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Second Ukrainian ship loaded with grain departs Odessa

"Primus" sails to Bulgaria to avoid Russian attacks

Left Odessa yesterday Sunday, August 27 "Primus", the second Ukrainian ship loaded with grain. To avoid Russian attacks it sails toward Bulgaria. After Russia abandoned the grain agreement, the Black Sea is a battlefield and ships have to take alternative routes-this means sailing along the coasts of Bulgaria and Romania, Nato countries. The Primus arrived in Ukraine on February 20, 2022 from Greece: it had been in the port of Odessa ever since and could not leave it. 

The bulk carrier is the second to leave Odessa after the conclusion of the "grain agreement" between Russia, Ukraine and Turkey. The first left the port of Odessa on Aug. 16: it was the Hong Kong container ship Joseph Schulte, which had been stationed in the Odessa port since Feb. 23, 2023. After Russia withdrew from the agreement, additional risks have emerged for ships bound for Ukraine or coming from Ukrainian ports, but these are related to the Russian side's failure to comply with inspection requirements. 

Yesterday, Ukrainian deputy Prime minister Oleksandr Kubrakov confirmed the "safe" passage of a second ship through the Black Sea from the Ukrainian port of Odessa: on Instagram, Kubrakov, explained that the Liberian-flagged container ship Primus sailed through a temporary corridor set up for civilian vessels.

The Ukrainian authorities, in fact, announced in recent days the creation of a kind of "temporary corridor": it is expected to be used for the evacuation of foreign ships from Ukrainian ports, which had previously arrived there with their goods. We are talking about ports such as Odessa, Yuzhny and Chernomorsk. 

Last saturday, Aug. 26, the foreign ministers of Ukraine and Turkey discussed the possible restoration of the grain agreement, which, however, is not sustainable without Russia. "We continue our efforts to reactivate the process as soon as possible, before the achievements of the Black Sea Initiative are lost -said Hakan Fidan, Turkish foreign minister-. We anticipated this and had discussed with our friends about the possibility of thinking about alternative solutions that do not involve Russia".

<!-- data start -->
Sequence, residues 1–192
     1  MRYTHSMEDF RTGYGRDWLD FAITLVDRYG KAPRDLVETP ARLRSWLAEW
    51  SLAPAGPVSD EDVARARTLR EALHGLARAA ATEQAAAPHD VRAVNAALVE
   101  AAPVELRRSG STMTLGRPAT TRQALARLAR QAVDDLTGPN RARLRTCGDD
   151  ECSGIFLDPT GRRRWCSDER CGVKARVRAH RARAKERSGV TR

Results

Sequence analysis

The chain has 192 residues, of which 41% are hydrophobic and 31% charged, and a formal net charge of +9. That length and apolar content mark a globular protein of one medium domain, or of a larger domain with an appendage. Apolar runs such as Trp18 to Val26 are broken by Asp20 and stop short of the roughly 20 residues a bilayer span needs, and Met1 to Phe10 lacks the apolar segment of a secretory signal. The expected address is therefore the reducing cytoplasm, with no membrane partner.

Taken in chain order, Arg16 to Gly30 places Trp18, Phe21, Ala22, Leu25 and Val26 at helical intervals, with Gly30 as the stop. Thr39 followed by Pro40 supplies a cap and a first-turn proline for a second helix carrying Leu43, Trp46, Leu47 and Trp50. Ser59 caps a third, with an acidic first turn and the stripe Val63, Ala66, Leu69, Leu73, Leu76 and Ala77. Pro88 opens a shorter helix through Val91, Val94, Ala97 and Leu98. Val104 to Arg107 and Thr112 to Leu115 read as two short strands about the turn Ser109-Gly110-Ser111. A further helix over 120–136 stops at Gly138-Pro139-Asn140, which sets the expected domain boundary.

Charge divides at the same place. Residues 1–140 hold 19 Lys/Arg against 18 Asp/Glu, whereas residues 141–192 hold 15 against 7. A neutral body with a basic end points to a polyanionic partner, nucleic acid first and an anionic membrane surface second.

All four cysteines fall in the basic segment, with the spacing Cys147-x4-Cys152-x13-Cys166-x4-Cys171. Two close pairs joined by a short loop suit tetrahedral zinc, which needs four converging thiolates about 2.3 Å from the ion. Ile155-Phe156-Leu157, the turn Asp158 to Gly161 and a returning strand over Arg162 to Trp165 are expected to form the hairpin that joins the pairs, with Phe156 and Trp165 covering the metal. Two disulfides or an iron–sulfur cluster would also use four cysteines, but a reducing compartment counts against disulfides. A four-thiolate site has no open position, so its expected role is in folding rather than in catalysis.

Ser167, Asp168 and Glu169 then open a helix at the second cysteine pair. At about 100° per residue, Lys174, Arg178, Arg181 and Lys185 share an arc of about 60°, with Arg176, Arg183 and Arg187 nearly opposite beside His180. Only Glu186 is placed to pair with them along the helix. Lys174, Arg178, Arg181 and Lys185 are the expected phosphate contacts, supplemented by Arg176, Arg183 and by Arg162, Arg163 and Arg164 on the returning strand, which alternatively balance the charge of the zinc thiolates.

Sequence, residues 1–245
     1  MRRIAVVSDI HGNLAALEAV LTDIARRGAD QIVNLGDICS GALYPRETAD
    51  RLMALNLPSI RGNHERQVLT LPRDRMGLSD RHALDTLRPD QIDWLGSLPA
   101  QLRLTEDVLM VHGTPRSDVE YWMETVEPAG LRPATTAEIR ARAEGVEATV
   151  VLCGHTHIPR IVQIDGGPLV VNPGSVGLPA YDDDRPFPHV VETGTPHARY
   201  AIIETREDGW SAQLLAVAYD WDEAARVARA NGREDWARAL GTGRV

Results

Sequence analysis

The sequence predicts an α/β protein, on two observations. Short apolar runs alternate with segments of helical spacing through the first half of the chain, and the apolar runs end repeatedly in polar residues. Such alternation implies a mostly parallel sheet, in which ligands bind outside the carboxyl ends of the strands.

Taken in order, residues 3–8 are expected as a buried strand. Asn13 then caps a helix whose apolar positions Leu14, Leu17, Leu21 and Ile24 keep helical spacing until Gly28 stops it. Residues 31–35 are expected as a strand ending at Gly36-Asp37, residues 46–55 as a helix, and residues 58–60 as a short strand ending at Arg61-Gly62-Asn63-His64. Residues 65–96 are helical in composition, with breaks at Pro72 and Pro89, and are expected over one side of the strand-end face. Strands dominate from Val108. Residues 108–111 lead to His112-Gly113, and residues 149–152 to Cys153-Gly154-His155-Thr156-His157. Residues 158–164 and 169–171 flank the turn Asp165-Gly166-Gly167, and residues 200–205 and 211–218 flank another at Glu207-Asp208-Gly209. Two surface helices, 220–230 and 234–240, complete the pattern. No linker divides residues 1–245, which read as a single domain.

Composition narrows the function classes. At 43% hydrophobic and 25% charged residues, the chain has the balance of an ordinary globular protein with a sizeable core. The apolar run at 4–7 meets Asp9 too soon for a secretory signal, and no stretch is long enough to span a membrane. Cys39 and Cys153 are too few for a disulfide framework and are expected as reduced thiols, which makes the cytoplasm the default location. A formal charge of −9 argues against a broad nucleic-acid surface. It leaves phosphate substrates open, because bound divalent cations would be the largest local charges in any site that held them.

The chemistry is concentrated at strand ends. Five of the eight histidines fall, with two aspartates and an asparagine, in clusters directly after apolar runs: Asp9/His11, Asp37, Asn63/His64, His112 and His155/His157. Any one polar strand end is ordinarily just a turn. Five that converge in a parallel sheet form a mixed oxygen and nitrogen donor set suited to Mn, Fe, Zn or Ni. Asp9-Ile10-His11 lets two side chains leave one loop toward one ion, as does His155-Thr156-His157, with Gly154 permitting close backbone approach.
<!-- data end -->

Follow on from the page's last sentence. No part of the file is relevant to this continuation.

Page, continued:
Kiev has been actively seeking solutions to protect its ships from possible Russian attacks: alternatives include increased land routes, as well as a possible convoy system with Nato escort. The latter proposal, however, has not been accepted by the United States. 

Also on saturday, Ukrainian officials sharply criticized the five EU countries that want to extend the limits, i.e., the ban, on imports of Ukrainian agricultural products until at least the end of 2023: these are Bulgaria, Hungary, Poland, Slovakia and Romania. The five countries insist that cheap Ukrainian food products destabilize their agricultural sectors. 

Since the beginning of the year, the five countries have found that grain products, instead of transiting to other destinations, were pouring into domestic markets, altering the price and sales of local products. The current import ban is in effect until Sept. 15.Kiev called this behavior "categorically unacceptable".

On August 11, Romania said it could effectively double the transit of Ukrainian grain to help Kiev overcome the blockade. But as far as its supplies are concerned, Bucharest is sticking to the ban.

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EFA News - European Food Agency